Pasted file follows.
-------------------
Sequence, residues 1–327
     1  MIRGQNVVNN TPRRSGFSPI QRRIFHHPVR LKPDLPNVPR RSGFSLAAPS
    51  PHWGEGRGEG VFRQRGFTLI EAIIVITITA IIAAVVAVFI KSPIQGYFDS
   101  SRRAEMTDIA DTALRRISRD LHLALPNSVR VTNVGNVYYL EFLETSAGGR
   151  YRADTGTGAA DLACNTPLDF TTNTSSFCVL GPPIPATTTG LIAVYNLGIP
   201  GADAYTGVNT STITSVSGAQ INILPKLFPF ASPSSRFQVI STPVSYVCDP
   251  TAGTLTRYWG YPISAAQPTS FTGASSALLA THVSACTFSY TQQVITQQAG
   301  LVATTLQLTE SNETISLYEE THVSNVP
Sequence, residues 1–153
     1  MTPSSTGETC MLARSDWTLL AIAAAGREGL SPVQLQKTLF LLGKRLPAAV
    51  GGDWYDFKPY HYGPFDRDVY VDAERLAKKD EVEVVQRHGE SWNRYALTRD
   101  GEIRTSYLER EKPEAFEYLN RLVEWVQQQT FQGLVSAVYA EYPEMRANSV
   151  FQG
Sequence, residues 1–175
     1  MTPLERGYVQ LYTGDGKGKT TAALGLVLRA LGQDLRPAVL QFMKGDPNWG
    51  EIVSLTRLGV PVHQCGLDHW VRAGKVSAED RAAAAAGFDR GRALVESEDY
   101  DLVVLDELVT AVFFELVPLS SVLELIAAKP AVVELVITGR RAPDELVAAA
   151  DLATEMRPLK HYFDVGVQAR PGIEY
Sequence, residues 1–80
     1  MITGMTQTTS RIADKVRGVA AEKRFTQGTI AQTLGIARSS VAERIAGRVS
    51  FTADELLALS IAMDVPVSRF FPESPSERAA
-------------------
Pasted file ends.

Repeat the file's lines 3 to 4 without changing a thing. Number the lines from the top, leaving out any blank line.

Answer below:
    51  PHWGEGRGEG VFRQRGFTLI EAIIVITITA IIAAVVAVFI KSPIQGYFDS
   101  SRRAEMTDIA DTALRRISRD LHLALPNSVR VTNVGNVYYL EFLETSAGGR